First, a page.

It is a victory for diplomacy: The saber rattling on the southeast flank of the quarreling NATO allies had caused high tension for months. Now Turks and Greeks want to give politics a chance. The negotiators from the two sides want to meet in Istanbul for exploratory talks. It’s an important first step towards relaxation. But not any more.
Talks between Athens and Ankara: Complex issues
There have always been bilateral consultations between Athens and Ankara. Chroniclers report that the explorations that have now been agreed are the 61st round of the dialogue. The thread of the conversation was last torn in 2016. Since then there have been no systematic efforts to amicably settle the complex disputes between the Aegean neighbors.
The term “exploratory talks” shows that this is not initially about fundamental issues. The negotiators will discuss procedural issues. Athens and Ankara are already worlds apart in the process of conflict resolution. The Greeks want to talk about the limits of the continental shelf alone, the Turks have more far-reaching ideas: For them, the dispute over the sea borders and the raw materials presumed under the sea is just one of several points of contention; Ankara has currently put the militarization of Greek islands, which is not permissible from a Turkish perspective, on the agenda.
Merkel brings Erdogan and Mitsotakis together
It is largely thanks to the German Chancellor that Turks and Greeks are getting back into conversation. Angela Merkel (CDU) has made the mediation between the Turkish President Erdogan and the Greek Prime Minister Mitsotakis a top priority.
The timing of the breakthrough is no accident; it is linked to the special summit of EU heads of state and government. The Turkey issue will be high on the agenda there. In the run-up to the meeting, EU Foreign Affairs Representative Josep Borrell found clear words: Relations with Turkey are at a “turning point”. “Developments in Turkey and Turkey’s actions in the Eastern Mediterranean and beyond will determine how our relations will develop in the future,” said the Spaniard before the European Parliament.
EU Foreign Affairs Representative Borrell: “Full solidarity with Greece”
Once again, Europe’s chief diplomat emphasized “full solidarity with Greece and Cyprus”. This is a formula that top European politicians have put forward like a prayer wheel over the past few weeks. It did not stop at expressions of solidarity: At the end of August, the EU gave Turkey an ultimatum because of its gas exploration and threatened Ankara with sanctions.
All of this had an effect: in mid-September, Ankara announced the withdrawal of the research vessel Oruc Reis from the sea areas off the Greek islands. The decisive first step towards de-escalation was taken. At the same time, conciliatory vocabulary replaced martial rhetoric. Under the heading “Ankara urges dialogue to reduce tensions in the Eastern Mediterranean”, the pro-government “Daily Sabah” quotes Defense Minister Hulusi Akar: “We are for dialogue. We have always done what is good for good neighborly relations”.
Ankara has seldom been so alone
There is more than one explanation for the change of heart in the Turkish government. The extensive diplomatic isolation is one of them. It cannot have escaped Erdogan and his followers that not a single government in the wider region supports the Turkish positions in the dispute with Greece. Ankara has seldom been so alone politically as on this issue.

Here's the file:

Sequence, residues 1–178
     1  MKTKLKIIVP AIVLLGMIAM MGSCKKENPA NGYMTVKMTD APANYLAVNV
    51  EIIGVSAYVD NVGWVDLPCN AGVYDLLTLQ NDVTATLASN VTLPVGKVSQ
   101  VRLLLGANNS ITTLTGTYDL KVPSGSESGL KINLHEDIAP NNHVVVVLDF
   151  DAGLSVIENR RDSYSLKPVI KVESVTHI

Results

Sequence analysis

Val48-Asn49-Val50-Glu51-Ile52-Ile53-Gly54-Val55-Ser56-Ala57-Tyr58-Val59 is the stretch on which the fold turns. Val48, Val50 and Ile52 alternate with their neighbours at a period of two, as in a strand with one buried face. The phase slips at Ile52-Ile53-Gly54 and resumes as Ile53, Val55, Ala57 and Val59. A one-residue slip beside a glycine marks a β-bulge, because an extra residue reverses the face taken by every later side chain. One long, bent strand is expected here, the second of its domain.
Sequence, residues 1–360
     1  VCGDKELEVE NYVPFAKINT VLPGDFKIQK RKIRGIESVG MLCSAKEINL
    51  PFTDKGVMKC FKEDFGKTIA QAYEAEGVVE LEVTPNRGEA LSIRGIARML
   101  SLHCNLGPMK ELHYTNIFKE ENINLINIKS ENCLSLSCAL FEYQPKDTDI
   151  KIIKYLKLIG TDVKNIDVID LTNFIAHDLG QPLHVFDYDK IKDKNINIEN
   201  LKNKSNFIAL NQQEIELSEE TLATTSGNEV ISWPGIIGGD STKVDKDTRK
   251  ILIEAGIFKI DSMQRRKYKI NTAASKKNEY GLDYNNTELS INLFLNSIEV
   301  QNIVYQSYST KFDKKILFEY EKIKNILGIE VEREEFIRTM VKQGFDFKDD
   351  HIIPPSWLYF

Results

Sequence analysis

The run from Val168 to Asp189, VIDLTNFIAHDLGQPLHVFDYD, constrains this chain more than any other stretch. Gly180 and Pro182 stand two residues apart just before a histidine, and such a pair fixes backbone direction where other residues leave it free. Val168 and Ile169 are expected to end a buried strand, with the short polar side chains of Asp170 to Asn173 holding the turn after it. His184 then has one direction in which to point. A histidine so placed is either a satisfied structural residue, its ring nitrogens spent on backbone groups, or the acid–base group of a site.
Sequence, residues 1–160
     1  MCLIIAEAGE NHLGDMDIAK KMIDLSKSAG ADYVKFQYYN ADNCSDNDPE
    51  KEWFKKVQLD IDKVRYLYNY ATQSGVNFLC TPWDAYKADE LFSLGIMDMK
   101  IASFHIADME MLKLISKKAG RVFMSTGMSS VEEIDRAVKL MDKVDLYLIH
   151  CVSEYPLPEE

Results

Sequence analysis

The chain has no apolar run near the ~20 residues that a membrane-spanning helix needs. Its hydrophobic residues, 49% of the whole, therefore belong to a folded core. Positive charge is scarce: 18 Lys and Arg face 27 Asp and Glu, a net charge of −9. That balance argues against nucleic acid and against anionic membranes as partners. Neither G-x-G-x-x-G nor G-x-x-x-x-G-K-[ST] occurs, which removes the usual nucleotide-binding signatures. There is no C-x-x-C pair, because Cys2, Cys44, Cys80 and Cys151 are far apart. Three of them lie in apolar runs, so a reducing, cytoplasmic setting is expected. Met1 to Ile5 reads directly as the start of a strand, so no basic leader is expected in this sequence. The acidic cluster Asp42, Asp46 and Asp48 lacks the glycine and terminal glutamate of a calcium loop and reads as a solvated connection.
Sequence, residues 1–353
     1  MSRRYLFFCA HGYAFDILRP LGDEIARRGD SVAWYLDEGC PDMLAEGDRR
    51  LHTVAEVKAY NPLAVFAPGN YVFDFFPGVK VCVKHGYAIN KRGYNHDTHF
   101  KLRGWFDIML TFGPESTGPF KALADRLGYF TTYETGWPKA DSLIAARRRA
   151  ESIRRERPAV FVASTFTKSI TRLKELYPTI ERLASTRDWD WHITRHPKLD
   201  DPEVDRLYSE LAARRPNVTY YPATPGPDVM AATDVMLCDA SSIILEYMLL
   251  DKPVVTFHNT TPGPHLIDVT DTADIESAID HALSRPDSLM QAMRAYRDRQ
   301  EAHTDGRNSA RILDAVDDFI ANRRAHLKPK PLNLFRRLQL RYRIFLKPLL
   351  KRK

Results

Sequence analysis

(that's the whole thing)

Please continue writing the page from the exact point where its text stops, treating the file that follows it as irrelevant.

Economic factors also play a role. “The dizzying economic problems are one of the main reasons that the threatened EU sanctions have forced Erdogan to give in,” writes Amberin Zaman in the news portal “Al Monitor”. But the decisive factor – the expert continued – was the role of the Americans. “It is the pressure from the US that may have made the difference.”
US Secretary of State Pompeo supports the Greeks
Washington had largely held back in the Eastern Mediterranean – at least in public – and left the political stage to others, mainly the German Chancellor. At the height of the Turkish-Greek crisis, the US has now returned with a diplomatic bang. In the Republic of Cyprus, of all places, outlawed by Ankara, US Secretary of State Mike Pompeo expressed concern about the Turkish approach to the gas dispute and demonstratively stood behind the Greeks.
Washington had previously lifted an arms embargo against the Republic of Cyprus that had been in place for years. The new American alliance with Athens and Nicosia is matched by indications in the Turkish press that Washington is considering liquidating its air force base in Incilrik, Turkey and relocating the units stationed there to Greece and Cyprus.
NATO, the EU and Germany play an important role
Meanwhile, Turkish-Greek relations are on a fresh start. The coming weeks will show whether the willingness to dialogue on both sides is sufficient for lasting relaxation. External actors will continue to play an important role in Turkish-Greek politics. This includes NATO, which in the current situation is once again including the military from both sides in confidence-building measures, but above all the EU and Germany.
The heads of state and government will have to show great skill at their postponed special summit, on the one hand to defend the interests of the member states Greece and Cyprus and at the same time not to alienate Turkey. Because one thing is also clear: without Turkey’s cooperation, lasting relaxation in the region is inconceivable.